The art of falling in love with a writer

//The art of falling in love with a writer

The art of falling in love with a writer

 *Replace ‘he’ with ‘she’ as required
It’s his first book. You pick it up only because it was recommended. You read the back cover. Writing is not his first love.  You’re sceptical of first time writers, especially ones who haven’t been killing themselves to perfect the art of writing. You look at the name of the publisher. Not a bad one. So he has been able to convince them. Interesting. You read the foreword. He has been promoted by big names. He had connections. People who could put in a good word for him here or there. Your scepticism only increases.

The author’s bio details his professional life. A few bare facts listed without emotion.

Page 1. You aren’t greatly impressed. You could almost sense the author’s hands shake as he wrote the first line. There is a jitter, an uncertainty. Can I really do this?-type. You smirk and continue.

It is a memoir. You let out a chuckle on page 2. He is funny. Sort of. At least he knows how to laugh at himself.

You don’t realise you have crossed twenty pages. That was smooth and engrossing. Not a writer, huh? Some writer must have polished it for him, naturally. But who cares? Why do you try to justify the good writing? Of course someone would have edited it. Every good writer needs a great editor. This is a good read. Period. Don’t let your writer-reader head work more than necessary.

Flipping more and more pages. It is a small-ish book. And it is funny. In some places, uncontrollably so. A little spiced up, perhaps. But again, who cares, as long as it is not over-done. You go back to the author’s bio. Who is he?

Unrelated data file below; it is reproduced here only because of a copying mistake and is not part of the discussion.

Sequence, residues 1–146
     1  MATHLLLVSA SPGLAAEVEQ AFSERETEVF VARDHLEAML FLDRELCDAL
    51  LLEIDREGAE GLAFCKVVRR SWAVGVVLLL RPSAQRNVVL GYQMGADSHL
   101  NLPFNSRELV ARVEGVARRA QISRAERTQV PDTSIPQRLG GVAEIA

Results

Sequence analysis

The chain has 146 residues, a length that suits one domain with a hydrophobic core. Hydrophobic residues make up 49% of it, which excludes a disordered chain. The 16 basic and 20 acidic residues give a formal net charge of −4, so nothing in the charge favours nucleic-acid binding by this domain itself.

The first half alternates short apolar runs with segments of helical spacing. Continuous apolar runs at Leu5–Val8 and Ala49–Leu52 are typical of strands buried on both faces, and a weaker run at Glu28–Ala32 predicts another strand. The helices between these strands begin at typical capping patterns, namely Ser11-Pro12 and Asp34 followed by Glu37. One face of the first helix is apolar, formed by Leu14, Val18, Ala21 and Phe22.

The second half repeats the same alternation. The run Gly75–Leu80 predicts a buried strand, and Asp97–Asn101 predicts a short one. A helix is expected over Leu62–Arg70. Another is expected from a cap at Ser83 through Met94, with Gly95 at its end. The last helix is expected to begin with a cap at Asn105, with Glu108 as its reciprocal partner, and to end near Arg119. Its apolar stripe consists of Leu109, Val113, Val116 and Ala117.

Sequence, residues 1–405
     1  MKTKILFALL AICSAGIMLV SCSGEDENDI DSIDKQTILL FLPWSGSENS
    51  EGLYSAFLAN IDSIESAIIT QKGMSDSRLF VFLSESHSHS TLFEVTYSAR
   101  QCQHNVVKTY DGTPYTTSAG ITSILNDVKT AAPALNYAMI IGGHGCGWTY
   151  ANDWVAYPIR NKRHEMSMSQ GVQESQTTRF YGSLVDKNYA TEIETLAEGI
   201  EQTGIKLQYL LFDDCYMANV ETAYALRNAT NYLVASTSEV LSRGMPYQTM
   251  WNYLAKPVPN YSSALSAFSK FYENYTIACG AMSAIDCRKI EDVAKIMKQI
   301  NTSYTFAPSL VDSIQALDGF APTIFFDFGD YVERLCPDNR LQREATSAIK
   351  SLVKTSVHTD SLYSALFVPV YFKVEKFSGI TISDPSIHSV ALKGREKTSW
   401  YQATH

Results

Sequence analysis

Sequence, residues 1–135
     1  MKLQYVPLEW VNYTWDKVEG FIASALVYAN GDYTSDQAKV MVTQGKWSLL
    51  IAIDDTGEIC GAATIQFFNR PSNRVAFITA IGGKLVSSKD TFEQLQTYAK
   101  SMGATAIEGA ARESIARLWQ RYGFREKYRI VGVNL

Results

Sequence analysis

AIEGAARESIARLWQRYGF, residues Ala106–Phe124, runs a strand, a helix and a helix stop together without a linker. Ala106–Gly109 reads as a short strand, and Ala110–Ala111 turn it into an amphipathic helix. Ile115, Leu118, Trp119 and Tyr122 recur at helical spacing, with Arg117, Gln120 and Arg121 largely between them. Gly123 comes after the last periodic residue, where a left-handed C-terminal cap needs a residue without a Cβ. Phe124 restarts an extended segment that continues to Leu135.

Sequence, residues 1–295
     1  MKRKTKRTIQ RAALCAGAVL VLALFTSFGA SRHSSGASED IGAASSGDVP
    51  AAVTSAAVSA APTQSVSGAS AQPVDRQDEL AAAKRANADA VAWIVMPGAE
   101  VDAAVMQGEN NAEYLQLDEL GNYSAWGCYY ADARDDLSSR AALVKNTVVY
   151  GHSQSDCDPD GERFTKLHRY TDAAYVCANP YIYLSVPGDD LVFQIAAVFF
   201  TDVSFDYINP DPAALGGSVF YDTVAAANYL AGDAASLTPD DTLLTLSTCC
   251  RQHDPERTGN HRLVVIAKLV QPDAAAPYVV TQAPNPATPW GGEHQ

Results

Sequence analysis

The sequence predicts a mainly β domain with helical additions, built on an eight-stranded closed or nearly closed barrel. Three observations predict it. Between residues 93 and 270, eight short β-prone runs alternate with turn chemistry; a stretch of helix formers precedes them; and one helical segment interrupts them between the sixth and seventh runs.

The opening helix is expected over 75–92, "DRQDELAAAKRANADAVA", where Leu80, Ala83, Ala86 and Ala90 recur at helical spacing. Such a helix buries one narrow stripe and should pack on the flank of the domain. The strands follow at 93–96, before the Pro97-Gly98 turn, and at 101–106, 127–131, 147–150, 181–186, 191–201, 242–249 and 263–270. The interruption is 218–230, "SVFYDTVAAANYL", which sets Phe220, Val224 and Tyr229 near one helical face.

He calls himself lucky. I was there at the right place at the right time. I was the only one who got the chance. This repeats, and your innate intolerance lifts its hairy head. Surely he was not the only one, there were others? You remember the time when you overheard someone say, “No one could calm the screaming infant for hours. Then I came, gently touched his arm and he quieted down within seconds.” Yeah, right.

But this one? He is sincere and modest. He really believes it. You’re curious again; you go back to the bio. What are you looking for? Something between the lines. There’s nothing.

He is kind to the other characters in the memoir. Even when they misbehave, he stops short of abusing them. Is it real? Or a writer’s need to appear politically correct? You sense a gap. There is a slight rounding of the edges.

You close the book. The journey’s over. But you’re still there, out on the road. And you’re smiling.

You’ve been there. Not exactly, but somewhere nearby. You’ve been hearing his thoughts. You’re seeing the world through his eyes. You’re inside. Yes, you know who he is. You have been reading between the lines, from the moment you picked up the book.
And you wonder, you wonder…

By |2018-12-10T10:46:43+00:00November 19th, 2015|Writing|3 Comments

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  1. Anand Maralad November 20, 2015 at 7:24 am - Reply

    Every time I finish reading my favorite author, I get on to a new writer (who I have not read before) for freshness and for a different style. Book series like "First Proof: The Penguin Book of New Writing" really help me to find new authors. I like reading some of them, then I explore their other writings and I do get my new favorites.

    Then the cycle repeats. I have books by Tagore and Anuradha Roy on the same shelf.

  2. Rajlakshmi November 22, 2015 at 9:13 am - Reply

    I could so relate to this. They stay even after we finish reading the book. And then I end up wanting for more. Recently happened when I first read Patricial Cornwell. Now I got almost all of her collection 🙂

  3. Anita Jeyan Sandeep November 22, 2015 at 1:02 pm - Reply

    I like books that DO NOT make me look at the clock or the number of pages I completed so I can close it for the day.

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